Wii Fit came out last week and it was sold out within hours at all major retail outlets. Toys R Us had a shipment come in on Saturday but when I got there early, there was a lineup and it was sold out before the store even opened.
Yesterday, I acted on a tip from a friend and visited Toys R Us again during the day before going to school. I figured it was a Monday and most people would either be at work or at school so I had a decent shot at picking one up for myself. Lo and behold, I walked in and there were boxes full of Wii Fit sitting in the corner. Oddly enough, Toys R Us limited it to 2 copies per customer so I snapped up another copy because I figured there’d be someone out there interested in getting one. In other words, I have two copies of Wii Fit lying around and I’m willing to part with the other one at cost plus some odd percent.
Why not hit the gym?
I’ll be honest. I am not a big fan of the gym. I don’t like going by myself but that’s because I’m too self conscious. I’d rather go with a few friends or something. I could do a few laps around the block but I don’t have the motivation for it especially with the rainy weather in Vancouver. I do have free membership to the SFU gym but it’s all the way up the mountain. If I had a car it wouldn’t be such a big deal but as such, I’m a public transit user. To carry textbooks, my Macbook and a change of clothes going up and down the mountain is too much work.
Enter Wii Fit
I’ve been playing video games since I was 7. Chip’s Challenge and Gizmo’s and Gadgets ruled the day back then. I was probably the youngest kid in my class who understood what the concept of simple machines were. Naturally, a console game that encourages fitness piqued my interest and I had to pick it up and try it out.
Setting up the whole thing took about 15 minutes. You have to enter your height, your birthdate and all that jazz. After that, you step on the balance board and it weighs you and tells you what your center of balance is and proceeds to scare you into using Wii fit more by giving you all these facts.
So how did I check out on day 1?
Weight: 223 lbs
Wii Fit Age: 31
Obviously there’s been a lot of skepticism over the Fit.
- Does it actually work?
- Is it real exercise?
- Can it cause some weight loss?
So just to set the records straight, I’m going to try it myself and see if I can shed a few pounds. I’ve set a goal for myself to lose 7 pounds in 30 days. You can do that in the game and it automatically tracks your progress. It might not seem like much to most people, but for a guy like me to take such an approach is something of a surprise I’m sure.
I get up alarmingly early every morning. I don’t know a lot of other University students who wake up at 645 AM (willingly). I plan to do several of the activities between 30 – 60 minutes per day. The first week I’ll stick with around 30 minutes worth because I haven’t done any kind of PE related stuff since Grade 10 (remember Grade 10?).
I’m also going to make a more determined effort to watch what I eat. Thankfully there aren’t a whole lot of birthdays or other events in June so I won’t be eating out as much. This means a reduction in red meat, pop, pasta, desserts, etc and rice (which is going to be close to impossible being Asian). At the same time, this means an increased intake on greens and fruits. I keep saying these things but I never follow through on it. I’m going to follow through on it this time because I have motivation:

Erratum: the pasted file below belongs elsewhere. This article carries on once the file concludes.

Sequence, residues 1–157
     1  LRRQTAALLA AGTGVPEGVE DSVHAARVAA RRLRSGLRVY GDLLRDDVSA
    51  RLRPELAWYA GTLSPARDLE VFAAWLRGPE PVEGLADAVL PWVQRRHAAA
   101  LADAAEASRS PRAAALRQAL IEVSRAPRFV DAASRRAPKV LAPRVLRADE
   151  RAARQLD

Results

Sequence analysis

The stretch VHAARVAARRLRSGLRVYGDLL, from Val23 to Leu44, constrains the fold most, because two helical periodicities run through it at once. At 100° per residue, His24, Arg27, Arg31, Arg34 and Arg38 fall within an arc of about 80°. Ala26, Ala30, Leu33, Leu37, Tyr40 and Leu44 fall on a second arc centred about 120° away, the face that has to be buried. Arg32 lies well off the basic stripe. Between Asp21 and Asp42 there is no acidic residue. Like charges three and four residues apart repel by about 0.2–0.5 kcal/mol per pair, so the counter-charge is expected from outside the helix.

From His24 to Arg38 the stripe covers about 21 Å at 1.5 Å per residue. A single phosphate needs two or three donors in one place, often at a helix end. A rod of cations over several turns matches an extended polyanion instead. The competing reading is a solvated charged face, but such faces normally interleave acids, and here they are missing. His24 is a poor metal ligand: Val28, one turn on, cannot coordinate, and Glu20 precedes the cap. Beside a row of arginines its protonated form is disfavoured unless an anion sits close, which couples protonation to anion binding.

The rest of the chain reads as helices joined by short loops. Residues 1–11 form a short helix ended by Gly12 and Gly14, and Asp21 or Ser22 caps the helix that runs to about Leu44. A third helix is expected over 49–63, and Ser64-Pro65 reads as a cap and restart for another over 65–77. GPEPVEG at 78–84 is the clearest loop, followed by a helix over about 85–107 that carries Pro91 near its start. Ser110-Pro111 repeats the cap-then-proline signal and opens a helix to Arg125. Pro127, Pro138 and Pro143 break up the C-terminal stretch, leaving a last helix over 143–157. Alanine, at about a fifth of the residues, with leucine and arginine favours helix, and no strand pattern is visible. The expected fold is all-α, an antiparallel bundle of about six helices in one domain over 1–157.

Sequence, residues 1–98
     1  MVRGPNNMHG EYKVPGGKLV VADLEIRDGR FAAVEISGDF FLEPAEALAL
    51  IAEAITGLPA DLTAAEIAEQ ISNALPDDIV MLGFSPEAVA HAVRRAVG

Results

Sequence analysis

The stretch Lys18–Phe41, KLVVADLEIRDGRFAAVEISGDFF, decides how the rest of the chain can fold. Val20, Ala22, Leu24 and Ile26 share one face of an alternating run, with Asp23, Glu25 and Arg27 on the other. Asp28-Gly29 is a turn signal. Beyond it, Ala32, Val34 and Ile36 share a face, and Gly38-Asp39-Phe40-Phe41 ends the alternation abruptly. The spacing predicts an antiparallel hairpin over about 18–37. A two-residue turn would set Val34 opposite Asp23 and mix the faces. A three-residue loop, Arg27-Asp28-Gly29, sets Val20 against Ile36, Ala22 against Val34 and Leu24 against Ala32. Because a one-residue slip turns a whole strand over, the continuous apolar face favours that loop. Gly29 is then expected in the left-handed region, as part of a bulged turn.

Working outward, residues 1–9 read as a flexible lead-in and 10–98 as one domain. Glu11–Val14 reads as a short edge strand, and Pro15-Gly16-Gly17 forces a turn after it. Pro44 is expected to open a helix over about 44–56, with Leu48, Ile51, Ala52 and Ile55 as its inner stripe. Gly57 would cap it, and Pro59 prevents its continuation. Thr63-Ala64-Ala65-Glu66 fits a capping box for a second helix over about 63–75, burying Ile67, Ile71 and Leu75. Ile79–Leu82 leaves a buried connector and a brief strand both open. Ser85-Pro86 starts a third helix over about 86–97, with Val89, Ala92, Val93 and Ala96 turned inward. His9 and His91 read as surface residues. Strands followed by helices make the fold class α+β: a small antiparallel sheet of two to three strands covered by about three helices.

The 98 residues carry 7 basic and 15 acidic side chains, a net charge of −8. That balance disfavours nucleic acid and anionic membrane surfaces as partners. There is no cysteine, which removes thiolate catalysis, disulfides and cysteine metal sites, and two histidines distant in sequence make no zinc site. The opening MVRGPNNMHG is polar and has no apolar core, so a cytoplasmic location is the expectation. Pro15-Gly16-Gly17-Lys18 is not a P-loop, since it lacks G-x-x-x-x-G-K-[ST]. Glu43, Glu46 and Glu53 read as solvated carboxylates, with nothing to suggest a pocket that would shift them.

She’s Asian, in my STATs class, sits on the far right near the back row and has legs that can kill.
But it is not going to be easy. If I ever ask you to go out for all you can eat or something else that you feel is going to be against my game plan here, feel free to stop me.
How do I like it so far?
It is fun! You start off with a limited amount of games and activities at first. You can only unlock more as you progress throughout the game by logging more minutes.
I started with the Balance games. I wanted to start myself off easy and I found out quickly that I have horrible balance. I missed 7 flags on my first run through the Skiing. I had a hard time on the soccer head butting game because I kept overextending myself and falling off the balance board a few times (use your legs, not your head dummy).
The yoga aspect is much more interesting (in the closed confines of your own home with the shades drawn). There’s a breathing exercise that you start off with first which helps you develop a rhythm. The screen flashes based on what you should be doing (inhale or exhale) and you can pick your personal trainer (male or female). It would’ve been nice to have access to other trainers. Just imagine what Bowser would have done.
I got rocked by tree form. It looks something like this:
They make it look so easy. But geeze, it’s hard to stay balanced. It scores you based on how well you balance on both legs. I scored 0 on my left on the first try. I have a lot of work to do.
I redeemed myself by nailing the Warrior form with ease, scoring 100 points after my 5th attempt:
After Yoga, I gave the muscle conditioning activities a shot. Here’s an example of the Lunge. It’s one of the few exercises on the box of the Wii fit:
After about 30 reps, you can start feeling the burn. But I’m a WoW player remember? So its more apparent to me then everyone else.
Tomorrow I’ll give the aerobics activities a try. Those ones are a bit more fast paced. I’ll also post up a quick picture of myself. Can’t do a self study without a before and after photo, right?
My only worry is that one of these days when I’m standing on the skytrain, I’ll mindlessly go into tree form without realizing it while holding onto the bar. I guess it would be a plus if I can pull it off without holding the bar on a moving skytrain.
Baby steps, Matt, baby steps, right?